Manifesto on “Que Viva Mexico” (USA, 1933)
Abstract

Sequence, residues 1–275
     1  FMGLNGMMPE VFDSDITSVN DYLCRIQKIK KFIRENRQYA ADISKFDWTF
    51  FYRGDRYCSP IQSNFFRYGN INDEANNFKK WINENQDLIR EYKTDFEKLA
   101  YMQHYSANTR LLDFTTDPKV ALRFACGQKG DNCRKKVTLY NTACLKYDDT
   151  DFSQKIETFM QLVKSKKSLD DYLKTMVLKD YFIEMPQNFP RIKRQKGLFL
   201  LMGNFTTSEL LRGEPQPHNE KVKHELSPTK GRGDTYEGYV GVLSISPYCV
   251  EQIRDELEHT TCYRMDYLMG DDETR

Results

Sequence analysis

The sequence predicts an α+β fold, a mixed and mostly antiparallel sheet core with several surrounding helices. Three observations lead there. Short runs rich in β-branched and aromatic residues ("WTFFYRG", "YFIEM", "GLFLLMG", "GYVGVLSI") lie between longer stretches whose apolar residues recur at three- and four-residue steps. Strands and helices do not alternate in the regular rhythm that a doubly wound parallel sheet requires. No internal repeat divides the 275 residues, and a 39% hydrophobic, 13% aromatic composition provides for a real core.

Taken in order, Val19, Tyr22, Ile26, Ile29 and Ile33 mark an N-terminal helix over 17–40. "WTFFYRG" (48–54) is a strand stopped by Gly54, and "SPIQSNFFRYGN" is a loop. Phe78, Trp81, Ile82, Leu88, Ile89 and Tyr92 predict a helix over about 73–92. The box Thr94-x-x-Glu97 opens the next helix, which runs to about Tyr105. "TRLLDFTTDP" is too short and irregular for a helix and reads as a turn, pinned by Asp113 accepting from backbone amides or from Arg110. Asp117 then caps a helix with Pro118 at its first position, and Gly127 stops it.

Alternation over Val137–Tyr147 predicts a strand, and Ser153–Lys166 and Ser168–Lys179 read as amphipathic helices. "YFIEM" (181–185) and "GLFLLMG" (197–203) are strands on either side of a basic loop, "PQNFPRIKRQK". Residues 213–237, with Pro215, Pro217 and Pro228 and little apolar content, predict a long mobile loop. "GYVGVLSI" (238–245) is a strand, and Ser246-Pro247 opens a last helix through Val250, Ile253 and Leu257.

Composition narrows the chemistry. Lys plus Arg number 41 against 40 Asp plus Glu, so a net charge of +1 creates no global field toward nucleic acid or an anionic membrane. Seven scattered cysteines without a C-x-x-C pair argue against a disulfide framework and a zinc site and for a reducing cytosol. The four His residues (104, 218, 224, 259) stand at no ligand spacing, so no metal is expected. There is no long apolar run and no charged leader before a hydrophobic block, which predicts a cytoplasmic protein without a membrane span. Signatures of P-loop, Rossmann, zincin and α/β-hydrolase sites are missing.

The following manifesto emerged from the controversy surrounding the tumultuous end of filming of Eisenstein’s Que viva Mexico, which he made at the end of his Hollywood sojourn after the debacle of trying to work for Jesse L. Lasky at Paramount studios in the early 1930s. Many on the filmmaking left believed that Eisenstein was betrayed by writer and political activist Upton Sinclair, allowing Eisenstein’s work to be edited by someone else in order to try and recoup the expenditures on the film. The closest to an integral version of the film that follows Eisenstein’s notes for the film’s montage is Grigori Alexandrov’s cut of the film, released in 1979.